In a classic study, the pioneering Dutch ethologist, Niko Tinbergen, and his students famously studied the courtship behaviour of the Grayling butterfly, Hipparchia (=Satyrus) semele, at Hulshorst – a sandy site now located in the De Hoge Veluwe National Park, in the province of Gelderland, in The Netherlands. These studies were carried out for four consecutive seasons I believe, in the summers of 1938 through 1942.Tinbergen and his students were studying what was then called ‘releasing mechanisms’, stereotypical responses to stimuli. They used differently coloured, sized and shaped butterfly models at the end of a rod and line to investigate what most attracted the males. Shape was shown to be of little consequence, but size mattered: larger than normal models were followed more often. Movement was especially important, with a dancing or tumbling motion eliciting the greatest response.
The Grayling is a so-called ‘lateral basker’ – holding its body at right-angles to the sun to warm up – and rarely opening its wings other than during courtship attempts.
Perhaps the most famous discovery from this period, was the characteristic ‘bowing’ movement which the male Grayling butterfly performs directly in front of the female. I do not have photographs of this behaviour in Graylings (yet!), but I have photographed it in the Rock Grayling. Tinbergen described it as follows: the male ‘captures the female’s antennae between his forewings and brings them into contact with the scent glands on the top of his forewings’. In Tinbergen’s terminology, this courtship bowing behaviour acts as ‘the releaser’ which is necessary to ‘secure the female’s cooperation in coition.’ We now know that this movement brings together the androconial organs – which produce a male pheromone – with the chemo-receptors on the female’s antennae, stimulating her and perhaps allowing her to assess the male’s quality and decide whether she wishes to mate with him.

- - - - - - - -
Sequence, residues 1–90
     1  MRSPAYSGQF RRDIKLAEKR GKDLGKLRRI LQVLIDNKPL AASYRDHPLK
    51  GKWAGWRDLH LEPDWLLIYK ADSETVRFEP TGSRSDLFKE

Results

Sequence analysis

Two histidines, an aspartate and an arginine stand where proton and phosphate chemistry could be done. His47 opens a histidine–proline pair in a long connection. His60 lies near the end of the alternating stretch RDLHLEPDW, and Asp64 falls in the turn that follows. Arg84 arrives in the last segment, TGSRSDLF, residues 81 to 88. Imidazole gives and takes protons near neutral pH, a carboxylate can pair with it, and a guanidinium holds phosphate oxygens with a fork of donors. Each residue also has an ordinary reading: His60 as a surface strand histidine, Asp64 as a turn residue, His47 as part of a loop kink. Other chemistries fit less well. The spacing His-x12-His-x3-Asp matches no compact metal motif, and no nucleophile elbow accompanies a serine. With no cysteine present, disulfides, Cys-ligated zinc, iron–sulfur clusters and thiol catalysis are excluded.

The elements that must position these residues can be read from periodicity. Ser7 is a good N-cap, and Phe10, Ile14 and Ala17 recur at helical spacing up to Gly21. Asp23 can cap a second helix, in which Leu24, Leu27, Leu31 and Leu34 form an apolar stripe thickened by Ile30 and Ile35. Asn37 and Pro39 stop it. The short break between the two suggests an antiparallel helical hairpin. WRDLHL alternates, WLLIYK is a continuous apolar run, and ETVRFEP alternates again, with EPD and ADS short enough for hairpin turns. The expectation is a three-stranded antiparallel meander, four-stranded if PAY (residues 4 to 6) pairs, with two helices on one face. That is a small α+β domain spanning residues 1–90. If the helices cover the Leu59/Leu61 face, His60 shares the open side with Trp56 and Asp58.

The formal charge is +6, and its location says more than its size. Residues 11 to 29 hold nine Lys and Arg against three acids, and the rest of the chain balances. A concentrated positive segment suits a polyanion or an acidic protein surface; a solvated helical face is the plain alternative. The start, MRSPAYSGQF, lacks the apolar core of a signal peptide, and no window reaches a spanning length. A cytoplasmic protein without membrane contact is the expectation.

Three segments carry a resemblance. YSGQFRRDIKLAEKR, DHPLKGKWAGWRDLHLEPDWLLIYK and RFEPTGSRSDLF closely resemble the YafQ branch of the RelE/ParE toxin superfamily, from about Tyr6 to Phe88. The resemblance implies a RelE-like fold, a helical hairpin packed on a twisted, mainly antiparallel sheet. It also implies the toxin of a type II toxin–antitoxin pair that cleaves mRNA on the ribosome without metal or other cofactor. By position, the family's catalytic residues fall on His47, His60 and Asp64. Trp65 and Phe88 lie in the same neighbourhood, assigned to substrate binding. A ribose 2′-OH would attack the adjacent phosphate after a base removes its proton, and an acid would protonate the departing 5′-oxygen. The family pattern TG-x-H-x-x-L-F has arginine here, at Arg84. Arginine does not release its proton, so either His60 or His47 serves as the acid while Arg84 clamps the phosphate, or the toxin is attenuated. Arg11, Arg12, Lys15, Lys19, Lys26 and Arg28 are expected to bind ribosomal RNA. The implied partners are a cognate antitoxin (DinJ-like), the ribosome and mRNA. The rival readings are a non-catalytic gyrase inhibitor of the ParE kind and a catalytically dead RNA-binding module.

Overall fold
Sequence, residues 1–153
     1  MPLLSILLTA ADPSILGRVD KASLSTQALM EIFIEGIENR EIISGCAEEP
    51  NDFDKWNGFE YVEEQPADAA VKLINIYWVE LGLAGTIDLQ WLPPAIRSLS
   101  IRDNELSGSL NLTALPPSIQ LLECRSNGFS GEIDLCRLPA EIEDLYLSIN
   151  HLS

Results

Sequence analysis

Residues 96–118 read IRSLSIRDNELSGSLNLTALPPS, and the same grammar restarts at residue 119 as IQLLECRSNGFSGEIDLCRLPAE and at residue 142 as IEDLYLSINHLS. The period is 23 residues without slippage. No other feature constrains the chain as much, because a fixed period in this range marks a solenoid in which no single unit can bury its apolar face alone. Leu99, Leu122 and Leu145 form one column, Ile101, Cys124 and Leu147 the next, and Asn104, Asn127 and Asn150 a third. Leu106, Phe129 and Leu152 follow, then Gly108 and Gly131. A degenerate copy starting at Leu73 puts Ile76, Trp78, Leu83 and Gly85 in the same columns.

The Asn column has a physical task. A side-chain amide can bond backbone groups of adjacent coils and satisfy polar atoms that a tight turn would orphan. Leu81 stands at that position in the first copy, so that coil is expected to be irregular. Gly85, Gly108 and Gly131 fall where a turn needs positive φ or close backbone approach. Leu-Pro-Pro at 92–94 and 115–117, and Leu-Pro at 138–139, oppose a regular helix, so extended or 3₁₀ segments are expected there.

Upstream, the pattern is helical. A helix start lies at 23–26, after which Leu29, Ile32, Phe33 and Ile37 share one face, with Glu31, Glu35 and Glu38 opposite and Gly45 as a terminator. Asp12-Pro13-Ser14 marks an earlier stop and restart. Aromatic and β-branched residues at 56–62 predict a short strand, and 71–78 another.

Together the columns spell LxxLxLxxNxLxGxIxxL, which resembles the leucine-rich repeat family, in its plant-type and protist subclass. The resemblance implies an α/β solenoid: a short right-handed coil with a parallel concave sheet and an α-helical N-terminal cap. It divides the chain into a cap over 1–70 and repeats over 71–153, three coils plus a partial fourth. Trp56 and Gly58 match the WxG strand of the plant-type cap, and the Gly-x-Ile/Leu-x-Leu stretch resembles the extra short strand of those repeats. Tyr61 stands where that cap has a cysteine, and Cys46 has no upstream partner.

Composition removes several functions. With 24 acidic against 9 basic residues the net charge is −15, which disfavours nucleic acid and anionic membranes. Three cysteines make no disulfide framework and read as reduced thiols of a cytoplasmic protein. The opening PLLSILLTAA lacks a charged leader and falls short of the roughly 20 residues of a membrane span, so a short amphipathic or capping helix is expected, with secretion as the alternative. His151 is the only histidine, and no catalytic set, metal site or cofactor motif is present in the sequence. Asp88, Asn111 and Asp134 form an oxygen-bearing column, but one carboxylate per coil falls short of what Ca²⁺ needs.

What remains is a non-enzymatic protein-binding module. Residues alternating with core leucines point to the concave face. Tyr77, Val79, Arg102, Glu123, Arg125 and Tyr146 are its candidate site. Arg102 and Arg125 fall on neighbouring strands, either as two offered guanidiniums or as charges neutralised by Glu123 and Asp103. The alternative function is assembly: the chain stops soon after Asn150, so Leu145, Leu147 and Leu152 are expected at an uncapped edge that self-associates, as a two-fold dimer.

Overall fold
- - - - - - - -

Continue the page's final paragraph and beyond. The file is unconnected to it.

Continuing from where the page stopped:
Tinbergen famously called the Grayling, ‘bark with wings’ and it is remarkable how well camouflaged they are, especially when resting on trees (see above and below).
Tinbergen also observed the so-called ‘startle’ response in Graylings, when the forewings are suddenly lifted, i.e. flicked upwards, to reveal the apical eyespot, or ocellus (below). This is a defensive move, probably to startle, frighten or at least distract, would-be predators. Sometimes both apical and anal eyespots are revealed by this motion (see photos are the start and end of this blog). The forewings are lowered, and the spot is hidden when the butterfly feels that it is not threatened and settles down.
The sudden appearance of the eye-like eyespot – with its white pupil (below) – breaks up the camouflage and presumably has a starling effect for this reason. Tinbergen observed that smaller animals, like flies and wasps, are driven away or warded off by wing fluttering. Females also use wing fluttering to ward off males (see below).